What Causes Sensitive Skin and How Can I Care for It?

Medically reviewed by Cynthia Cobb, DNP, APRN on January 17, 2018Written by Corinne O’Keefe Osborn on January 17, 2018

Is this cause for concern?

Sensitive skin isn’t a disease that a doctor can diagnose you with. It’s usually a symptom of another condition. You may not even know you have sensitive skin until you have a bad reaction to a cosmetic product, like soap, moisturizer, or makeup.

Conditions that cause sensitive skin are rarely serious. You can usually keep your symptoms under control with a few simple changes to your skin care routine.

Keep reading to learn more about what may be causing your sensitive skin, other symptoms to watch for, and products that should be safe for you to use.

What causes sensitive skin?

1. Dry skin

Skin becomes dry when it loses too much water and oil.

This can cause your skin to:

  • itch
  • scale or flake
  • peel
  • feel rough to the touch
  • crack and bleed
  • appear red or ashy-looking

Dry skin can happen anywhere on your body, but it’s particularly common on the:

  • hands
  • feet
  • arms
  • lower legs

What you can do

You can treat dry skin by returning moisture to the affected areas. Applying a moisturizing cream or ointment two to three times per day will help restore moisture and prevent your skin from drying out in the future. Try using a fragrance-free moisturizer designed for people with sensitive skin.

Products you can use

If you have dry skin, your skin care routine should focus on retaining moisture.

To cleanse:

To moisturize:

2. Eczema

Eczema (atopic dermatitis) affects your skin’s ability to protect you from irritants, like germs in the air or chemicals in your laundry detergent. This can make you extra sensitive to products that don’t bother other people, like soaps and cosmetics.

The symptoms of eczema vary widely from person to person. You could notice any of the following:

  • dryness
  • itchiness
  • small bumps that may leak fluid and crust over
  • red to brownish-gray patches of skin
  • raw, swollen skin
  • thick, cracked, or scaly skin

What you can do

Sometimes over-the-counter (OTC) anti-itch creams and moisturizers are enough to ease symptoms. If your symptoms are severe, see your healthcare provider.

Products you can use

If you have eczema, it’s important to choose sensitive products that won’t irritate your skin:

3. Irritant contact dermatitis

Irritant contact dermatitis is a red, itchy rash that develops when the protective layer of your skin is damaged by something it touches.

In most cases, a rash will only develop on the area that directly touches the irritant.

Symptoms include:

  • red rash
  • itchiness
  • dry, cracked, scaly skin
  • bumps and blisters, which may ooze fluid and crust over
  • swelling
  • burning
  • tenderness

What you can do

Contact dermatitis usually clears up on its own within a few weeks. The most important thing you can do is figure out what triggered the reaction so that you can avoid it in the future.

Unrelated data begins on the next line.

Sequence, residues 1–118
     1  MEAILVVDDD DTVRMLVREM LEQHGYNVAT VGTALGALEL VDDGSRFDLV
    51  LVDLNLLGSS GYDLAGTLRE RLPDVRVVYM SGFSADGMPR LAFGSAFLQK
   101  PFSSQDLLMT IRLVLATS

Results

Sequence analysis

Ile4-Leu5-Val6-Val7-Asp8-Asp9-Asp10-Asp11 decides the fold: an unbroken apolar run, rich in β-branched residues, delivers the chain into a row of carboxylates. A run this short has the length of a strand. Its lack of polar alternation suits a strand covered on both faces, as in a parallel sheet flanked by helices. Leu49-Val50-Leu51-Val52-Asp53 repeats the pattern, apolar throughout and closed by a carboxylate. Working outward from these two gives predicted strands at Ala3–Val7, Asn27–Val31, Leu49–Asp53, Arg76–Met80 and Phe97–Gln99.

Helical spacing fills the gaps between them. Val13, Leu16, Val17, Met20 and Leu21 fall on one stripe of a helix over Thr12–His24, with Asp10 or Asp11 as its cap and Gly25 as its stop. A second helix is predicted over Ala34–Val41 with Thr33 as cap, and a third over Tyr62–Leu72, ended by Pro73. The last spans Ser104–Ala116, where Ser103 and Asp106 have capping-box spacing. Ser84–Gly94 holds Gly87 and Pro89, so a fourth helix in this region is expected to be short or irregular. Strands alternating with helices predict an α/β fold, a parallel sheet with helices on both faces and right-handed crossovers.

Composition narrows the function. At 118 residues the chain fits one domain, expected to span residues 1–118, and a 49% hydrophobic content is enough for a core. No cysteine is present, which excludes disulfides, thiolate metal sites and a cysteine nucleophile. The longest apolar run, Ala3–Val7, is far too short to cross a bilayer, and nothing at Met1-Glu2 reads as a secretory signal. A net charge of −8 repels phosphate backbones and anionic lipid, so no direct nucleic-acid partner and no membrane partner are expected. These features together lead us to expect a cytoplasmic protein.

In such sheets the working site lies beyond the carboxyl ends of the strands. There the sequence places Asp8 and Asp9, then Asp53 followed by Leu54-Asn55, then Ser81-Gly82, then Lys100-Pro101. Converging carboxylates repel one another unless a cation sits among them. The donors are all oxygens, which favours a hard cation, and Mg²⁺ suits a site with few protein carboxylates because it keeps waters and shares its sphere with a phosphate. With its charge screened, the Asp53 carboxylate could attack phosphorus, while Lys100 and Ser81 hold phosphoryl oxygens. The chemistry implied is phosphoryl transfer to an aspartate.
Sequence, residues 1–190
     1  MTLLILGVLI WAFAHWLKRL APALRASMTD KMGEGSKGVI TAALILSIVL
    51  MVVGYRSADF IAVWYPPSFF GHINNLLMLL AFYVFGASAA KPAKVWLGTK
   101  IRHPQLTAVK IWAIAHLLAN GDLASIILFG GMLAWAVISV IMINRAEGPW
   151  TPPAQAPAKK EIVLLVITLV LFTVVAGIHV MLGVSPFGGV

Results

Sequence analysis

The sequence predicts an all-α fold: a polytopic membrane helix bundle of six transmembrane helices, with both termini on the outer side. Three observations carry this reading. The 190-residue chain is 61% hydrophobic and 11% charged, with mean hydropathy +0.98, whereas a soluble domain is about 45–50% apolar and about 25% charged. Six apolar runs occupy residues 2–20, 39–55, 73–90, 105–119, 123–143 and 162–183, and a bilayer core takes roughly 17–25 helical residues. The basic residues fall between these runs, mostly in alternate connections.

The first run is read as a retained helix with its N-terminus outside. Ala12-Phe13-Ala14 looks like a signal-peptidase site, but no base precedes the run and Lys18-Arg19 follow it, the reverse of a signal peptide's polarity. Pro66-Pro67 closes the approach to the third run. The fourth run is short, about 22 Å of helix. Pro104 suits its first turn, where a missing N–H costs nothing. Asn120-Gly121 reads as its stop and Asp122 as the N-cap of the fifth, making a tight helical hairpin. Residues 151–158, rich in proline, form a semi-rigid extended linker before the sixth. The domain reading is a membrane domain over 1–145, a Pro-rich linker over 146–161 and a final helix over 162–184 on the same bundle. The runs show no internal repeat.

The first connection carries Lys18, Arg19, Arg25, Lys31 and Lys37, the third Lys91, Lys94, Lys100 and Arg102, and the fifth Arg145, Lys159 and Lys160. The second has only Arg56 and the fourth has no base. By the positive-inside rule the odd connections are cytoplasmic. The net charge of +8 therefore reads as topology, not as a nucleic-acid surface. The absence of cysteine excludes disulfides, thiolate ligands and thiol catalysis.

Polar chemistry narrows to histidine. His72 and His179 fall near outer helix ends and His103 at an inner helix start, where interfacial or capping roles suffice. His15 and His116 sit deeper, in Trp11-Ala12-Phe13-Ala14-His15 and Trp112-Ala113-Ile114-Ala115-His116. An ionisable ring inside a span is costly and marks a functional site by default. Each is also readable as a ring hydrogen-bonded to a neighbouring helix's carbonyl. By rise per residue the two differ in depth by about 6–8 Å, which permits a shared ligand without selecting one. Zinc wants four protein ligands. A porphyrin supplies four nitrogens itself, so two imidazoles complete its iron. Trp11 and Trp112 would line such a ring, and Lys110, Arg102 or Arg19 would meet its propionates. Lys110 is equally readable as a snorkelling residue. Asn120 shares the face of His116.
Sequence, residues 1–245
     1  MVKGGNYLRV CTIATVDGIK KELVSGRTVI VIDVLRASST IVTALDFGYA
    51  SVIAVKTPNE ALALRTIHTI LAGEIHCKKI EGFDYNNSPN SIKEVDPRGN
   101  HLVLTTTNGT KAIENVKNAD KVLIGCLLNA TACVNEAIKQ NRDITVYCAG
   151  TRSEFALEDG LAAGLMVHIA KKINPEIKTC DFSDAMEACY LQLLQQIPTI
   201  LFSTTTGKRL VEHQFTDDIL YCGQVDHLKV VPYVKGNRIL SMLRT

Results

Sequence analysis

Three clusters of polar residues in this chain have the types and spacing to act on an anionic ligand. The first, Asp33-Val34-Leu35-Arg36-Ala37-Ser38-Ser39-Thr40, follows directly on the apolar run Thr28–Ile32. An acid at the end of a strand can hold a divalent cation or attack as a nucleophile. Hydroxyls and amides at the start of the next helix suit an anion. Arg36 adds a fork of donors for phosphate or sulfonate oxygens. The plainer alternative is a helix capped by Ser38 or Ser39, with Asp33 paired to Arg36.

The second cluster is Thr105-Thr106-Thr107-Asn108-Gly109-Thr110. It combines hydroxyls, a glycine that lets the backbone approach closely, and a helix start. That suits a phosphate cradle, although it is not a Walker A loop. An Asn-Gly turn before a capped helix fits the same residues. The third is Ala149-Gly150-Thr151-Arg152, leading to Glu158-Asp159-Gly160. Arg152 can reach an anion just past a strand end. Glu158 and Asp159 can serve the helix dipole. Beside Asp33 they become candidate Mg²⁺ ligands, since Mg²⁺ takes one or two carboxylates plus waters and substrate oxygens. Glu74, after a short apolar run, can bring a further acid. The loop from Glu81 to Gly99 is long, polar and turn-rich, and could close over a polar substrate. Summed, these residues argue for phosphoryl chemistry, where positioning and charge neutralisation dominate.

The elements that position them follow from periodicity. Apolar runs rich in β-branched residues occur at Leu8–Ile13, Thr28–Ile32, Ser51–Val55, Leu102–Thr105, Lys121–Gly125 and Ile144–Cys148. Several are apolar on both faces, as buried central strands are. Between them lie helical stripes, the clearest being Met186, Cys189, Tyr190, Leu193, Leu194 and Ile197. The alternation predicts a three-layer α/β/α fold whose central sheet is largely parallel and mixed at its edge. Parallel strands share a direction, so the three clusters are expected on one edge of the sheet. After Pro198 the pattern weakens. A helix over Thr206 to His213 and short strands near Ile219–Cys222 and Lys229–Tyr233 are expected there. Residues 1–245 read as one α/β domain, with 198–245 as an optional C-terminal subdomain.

Products you can use

You’ll want to control the itching while your skin heals. Scratching the area will only make it more inflamed.

  • Steroid creams. An OTC hydrocortisone cream can help reduce inflammation and eliminate itch. Try Cortizone 10.
  • Numbing creams. Some anti-itch creams contain a topical numbing agent that relieves itchiness and burning. Try Sarna’s original formula with camphor and menthol.
  • Soothing bath. A cool oatmeal bath can sooth blistered, burning skin. Try Aveeno Soothing Bath Treatment, or make your own by grinding oatmeal into a fine powder.

4. Allergic contact dermatitis

Allergic contact dermatitis is a less common form of contact dermatitis. It occurs when you have an allergic reaction to a specific substance.

Symptoms include:

  • redness
  • itchiness
  • blisters and bumps, sometimes containing fluid
  • burning
  • swelling
  • tenderness

Common allergens include:

  • soaps
  • lotions
  • plants
  • jewelry
  • fragrances
  • cosmetics
  • nickel (in jewelry)

What you can do

Treatment with an OTC antihistamine should help ease itching and inflammation. Try to identify the cause of your allergic reaction so you can avoid it in the future.

Products you can use

Products that can help you both treat and prevent allergic contact dermatosis include:

Oral antihistamines. An oral antihistamine is the best way to stop an allergic reaction because it helps control the excess histamine in your blood. Try OTC diphenhydramine (Benadryl) tablets.

Topical antihistamines. Antihistamines are also available as creams, ointments, and sprays. They may help relieve itching and reduce inflammation caused by poison ivy or other contact allergens. Try Benadryl’s Anti-Itch Cream.

Gentle dish soaps and detergents. Some people have allergic reactions to dish soap and laundry detergent. Thankfully, there are gentle, fragrance-free options available. Check out Seventh Generation Free & Clear unscented dish soap and Tide Free & Gentle laundry detergent.

Clear nail polish. Applying a coat of clear nail polish to the inside of your rings and bracelets can help prevent an allergic reaction to nickel.

5. Rosacea

Rosacea is a common skin disease that affects the face. Early signs include blushing or flushing more easily than other people.

Rosacea causes extreme sensitivity. Some products may cause immediate burning and stinging.

Other symptoms include:

  • redness of the face, ears, chest, or back
  • a sunburned look
  • small bumps and pimples
  • visible blood vessels

What you can do

Long-term maintenance of rosacea usually involves prescription creams, so talk to your doctor about your symptoms.

Products you can use

A rosacea-friendly skin routine might include:

  • Medications that reduce redness. There are some prescription drugs available that can effectively reduce facial redness. For example, the topical gel brimonidine (Mirvaso) works by constricting blood vessels.
  • Makeup primers. Green foundation primers work to counteract (color correct) the redness in your skin. Apply to clean skin before putting on your makeup. Try Smashbox Photo Finish Color Correcting Foundation Primer.
  • Moisturizers. Moisture and oils help protect skin from irritation. Avoid moisturizers with fragrances and use something that combats redness, like Eucerin Sensitive Skin Redness Relief Soothing Night Cream.

6. Contact urticaria (hives)

Contact urticaria are hives caused by direct contact with an irritating substance. The reaction from contact urticaria is immediate.

Symptoms include:

  • welts
  • itching
  • burning
  • tingling
  • redness
  • swelling

Hives can be triggered by skin contact with things like:

  • plants
  • fragrances
  • raw foods
  • ingredients in common bath and beauty products

What you can do